This guy is giving away a bike shop
Ben Thomson is not, in any conventional sense, a normal guy. He operates at a different speed and a different intensity to most other people, with laser focus that shifts from one project to the next. He has fingers in many pies. Many of those pies are hot and messy.
Case in point: in the last month, he has jumped 30 feet across a railroad, continued his planning for a tilt at the world paced bicycle land speed record, and announced that he’s giving away his bike shop for free.
In early 2018, Ben Thomson made an audacious announcement. He was, he said, going for a land speed record on a bike, with the attempt to coincide with the 2019 edition of Speed Week held on Lake Gairdner, a blindingly white salt lake deep in the scorched heart of South Australia.
The mark then was 268 km/h, set by a Dutchman called Fred Rompelberg in 1995. Ben had the right combination of mild insanity and brutish horsepower to believe he could do better. “I don’t want to be lying on my deathbed thinking I wish I’d had a crack at the land speed record,” he told me. He was aiming for 300km/h but his stretch goal, he said, was 333km/h – “because it’s half of 666”, and because he wanted to put it out of reach. Now it was just a matter of building a bike and finding a car to tow him up to a speed that he could push that massive gear.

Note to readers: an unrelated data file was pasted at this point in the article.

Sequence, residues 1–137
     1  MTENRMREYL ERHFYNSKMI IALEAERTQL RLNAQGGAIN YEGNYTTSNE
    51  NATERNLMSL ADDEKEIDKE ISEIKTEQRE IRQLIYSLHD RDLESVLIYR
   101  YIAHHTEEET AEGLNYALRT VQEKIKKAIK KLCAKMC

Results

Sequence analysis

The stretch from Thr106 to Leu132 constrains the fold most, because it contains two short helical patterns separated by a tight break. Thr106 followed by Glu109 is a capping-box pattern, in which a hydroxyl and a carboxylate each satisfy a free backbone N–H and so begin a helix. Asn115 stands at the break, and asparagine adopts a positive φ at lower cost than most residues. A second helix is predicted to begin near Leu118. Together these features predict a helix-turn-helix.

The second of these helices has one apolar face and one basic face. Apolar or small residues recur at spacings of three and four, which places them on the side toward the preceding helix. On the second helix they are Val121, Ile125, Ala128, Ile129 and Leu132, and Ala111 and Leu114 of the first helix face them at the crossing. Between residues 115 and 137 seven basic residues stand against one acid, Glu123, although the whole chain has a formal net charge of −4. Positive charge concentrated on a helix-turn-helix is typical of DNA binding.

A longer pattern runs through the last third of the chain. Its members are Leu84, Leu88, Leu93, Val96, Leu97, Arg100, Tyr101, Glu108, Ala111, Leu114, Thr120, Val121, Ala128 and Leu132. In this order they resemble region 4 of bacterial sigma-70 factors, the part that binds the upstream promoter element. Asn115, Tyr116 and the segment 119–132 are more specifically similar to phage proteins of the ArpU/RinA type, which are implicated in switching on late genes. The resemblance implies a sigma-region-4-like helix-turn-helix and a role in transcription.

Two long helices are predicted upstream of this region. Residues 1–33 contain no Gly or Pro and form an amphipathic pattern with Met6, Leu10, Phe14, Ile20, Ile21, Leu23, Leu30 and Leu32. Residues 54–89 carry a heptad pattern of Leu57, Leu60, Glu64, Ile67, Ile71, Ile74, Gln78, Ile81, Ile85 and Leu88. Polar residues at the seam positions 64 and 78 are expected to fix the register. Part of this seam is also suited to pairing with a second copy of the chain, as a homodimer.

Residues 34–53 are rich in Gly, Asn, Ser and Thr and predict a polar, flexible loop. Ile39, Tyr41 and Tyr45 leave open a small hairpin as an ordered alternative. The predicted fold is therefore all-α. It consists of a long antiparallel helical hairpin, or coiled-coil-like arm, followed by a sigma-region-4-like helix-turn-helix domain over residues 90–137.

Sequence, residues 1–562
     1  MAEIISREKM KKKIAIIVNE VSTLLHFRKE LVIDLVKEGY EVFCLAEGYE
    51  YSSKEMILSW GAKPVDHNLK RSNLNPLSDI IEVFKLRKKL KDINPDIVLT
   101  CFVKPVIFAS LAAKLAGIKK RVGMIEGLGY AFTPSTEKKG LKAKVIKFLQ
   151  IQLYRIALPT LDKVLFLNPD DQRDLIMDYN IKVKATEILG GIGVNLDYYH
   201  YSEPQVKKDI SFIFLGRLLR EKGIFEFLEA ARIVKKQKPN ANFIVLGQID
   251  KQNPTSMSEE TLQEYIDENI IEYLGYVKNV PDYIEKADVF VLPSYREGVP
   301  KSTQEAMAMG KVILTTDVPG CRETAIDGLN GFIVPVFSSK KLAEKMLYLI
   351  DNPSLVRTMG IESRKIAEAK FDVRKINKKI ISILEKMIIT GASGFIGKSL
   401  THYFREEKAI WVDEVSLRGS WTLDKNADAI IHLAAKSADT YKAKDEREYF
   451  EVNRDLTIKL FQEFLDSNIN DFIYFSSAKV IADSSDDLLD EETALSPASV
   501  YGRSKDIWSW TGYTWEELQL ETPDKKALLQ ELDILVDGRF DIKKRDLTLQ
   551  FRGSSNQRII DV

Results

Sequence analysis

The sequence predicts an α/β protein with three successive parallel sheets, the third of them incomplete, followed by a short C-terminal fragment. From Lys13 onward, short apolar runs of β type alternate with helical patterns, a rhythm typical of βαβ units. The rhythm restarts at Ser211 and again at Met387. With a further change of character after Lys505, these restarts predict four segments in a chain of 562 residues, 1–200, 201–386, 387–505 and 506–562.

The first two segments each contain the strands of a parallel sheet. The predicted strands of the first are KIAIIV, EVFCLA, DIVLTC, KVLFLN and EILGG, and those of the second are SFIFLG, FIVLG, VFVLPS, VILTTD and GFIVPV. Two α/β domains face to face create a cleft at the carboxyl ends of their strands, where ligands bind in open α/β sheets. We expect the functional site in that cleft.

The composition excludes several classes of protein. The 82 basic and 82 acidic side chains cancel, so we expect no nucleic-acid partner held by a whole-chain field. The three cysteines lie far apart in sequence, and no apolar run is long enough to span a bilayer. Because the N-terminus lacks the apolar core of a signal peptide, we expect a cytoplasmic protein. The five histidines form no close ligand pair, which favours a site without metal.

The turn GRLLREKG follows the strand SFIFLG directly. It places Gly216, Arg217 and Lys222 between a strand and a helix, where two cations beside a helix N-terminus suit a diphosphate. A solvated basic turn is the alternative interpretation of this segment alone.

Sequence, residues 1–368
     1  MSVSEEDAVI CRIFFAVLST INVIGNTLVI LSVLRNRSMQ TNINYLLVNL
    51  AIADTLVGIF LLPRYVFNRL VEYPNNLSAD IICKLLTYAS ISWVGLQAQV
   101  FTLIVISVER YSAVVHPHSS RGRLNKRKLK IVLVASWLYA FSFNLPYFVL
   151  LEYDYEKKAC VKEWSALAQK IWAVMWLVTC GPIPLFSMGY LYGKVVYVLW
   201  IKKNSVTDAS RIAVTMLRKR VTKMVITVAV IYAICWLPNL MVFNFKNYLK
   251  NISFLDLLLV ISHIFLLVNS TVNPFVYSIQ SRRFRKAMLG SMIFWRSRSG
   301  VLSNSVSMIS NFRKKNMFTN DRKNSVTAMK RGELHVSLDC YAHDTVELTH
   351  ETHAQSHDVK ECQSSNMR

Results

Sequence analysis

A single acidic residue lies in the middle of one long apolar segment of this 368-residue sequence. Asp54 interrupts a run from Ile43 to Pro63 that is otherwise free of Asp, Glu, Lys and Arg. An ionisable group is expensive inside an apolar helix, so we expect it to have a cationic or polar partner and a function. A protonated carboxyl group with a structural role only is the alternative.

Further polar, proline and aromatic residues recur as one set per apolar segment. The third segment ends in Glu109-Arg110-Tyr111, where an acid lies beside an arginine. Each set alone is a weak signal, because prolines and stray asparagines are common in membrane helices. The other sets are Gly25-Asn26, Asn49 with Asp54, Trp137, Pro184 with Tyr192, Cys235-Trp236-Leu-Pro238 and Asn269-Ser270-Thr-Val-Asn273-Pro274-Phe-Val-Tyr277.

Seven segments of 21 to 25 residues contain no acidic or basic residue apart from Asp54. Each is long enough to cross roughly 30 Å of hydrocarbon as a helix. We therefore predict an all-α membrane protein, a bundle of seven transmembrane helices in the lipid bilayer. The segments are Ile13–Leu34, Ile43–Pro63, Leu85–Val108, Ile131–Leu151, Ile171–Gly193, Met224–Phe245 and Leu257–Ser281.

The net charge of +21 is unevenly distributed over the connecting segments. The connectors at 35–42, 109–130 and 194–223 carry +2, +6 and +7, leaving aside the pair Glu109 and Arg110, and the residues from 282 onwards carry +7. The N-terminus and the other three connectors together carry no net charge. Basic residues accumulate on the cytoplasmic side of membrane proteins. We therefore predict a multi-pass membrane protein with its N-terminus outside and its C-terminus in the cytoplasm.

Early signs were promising – he’d found a driver that had agreed to drive the tow car, and Ben and a fabricator in Melbourne’s east worked to develop the frame of a bicycle that could be piloted faster than a Cessna.
Ben ran me through the calculations of gear inches and power output and cadence, a Beautiful Mind sequence of numbers that I lost grasp of, other than the single abiding impression that all three of those numbers were very high. The other impression was this: if he drifted out of the eye-of-the-storm slipstream of the tow-car, he would get walloped by 300km/h+ of sudden wind, go sliding across a salt flat and make a rather permanent mess.
I’ve known Ben for about 10 years. We used to work at the same chain of bike shops, sharing shifts from time to time in a franchised branch halfway to Frankston. It wasn’t a good period of my life, and I suspect it was tough for Ben too, though you wouldn’t have guessed it. I’d just finished a degree that was getting me precisely zero jobs, and Ben was going through a rough divorce and custody battle for his son. And the shop, in my memory of it, was always cold, always windy, and seemed to be crumbling around us. I don’t think I did a great job of concealing how unremittingly bleak I found it all. Ben, on the other hand, was a daily beam of sweary sunshine.